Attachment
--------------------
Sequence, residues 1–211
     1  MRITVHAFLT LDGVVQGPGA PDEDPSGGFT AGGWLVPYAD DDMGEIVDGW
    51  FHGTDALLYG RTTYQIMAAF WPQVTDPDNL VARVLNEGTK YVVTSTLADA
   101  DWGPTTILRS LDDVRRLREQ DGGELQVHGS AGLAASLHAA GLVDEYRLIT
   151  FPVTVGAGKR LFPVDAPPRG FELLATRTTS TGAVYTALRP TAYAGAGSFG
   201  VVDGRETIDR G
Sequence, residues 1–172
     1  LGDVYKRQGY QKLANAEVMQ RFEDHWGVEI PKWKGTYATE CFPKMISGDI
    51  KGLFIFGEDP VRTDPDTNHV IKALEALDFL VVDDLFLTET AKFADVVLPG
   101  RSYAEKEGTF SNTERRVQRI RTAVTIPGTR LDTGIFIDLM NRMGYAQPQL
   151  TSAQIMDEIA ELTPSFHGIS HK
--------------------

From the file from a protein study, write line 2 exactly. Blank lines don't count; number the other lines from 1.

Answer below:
     1  MRITVHAFLT LDGVVQGPGA PDEDPSGGFT AGGWLVPYAD DDMGEIVDGW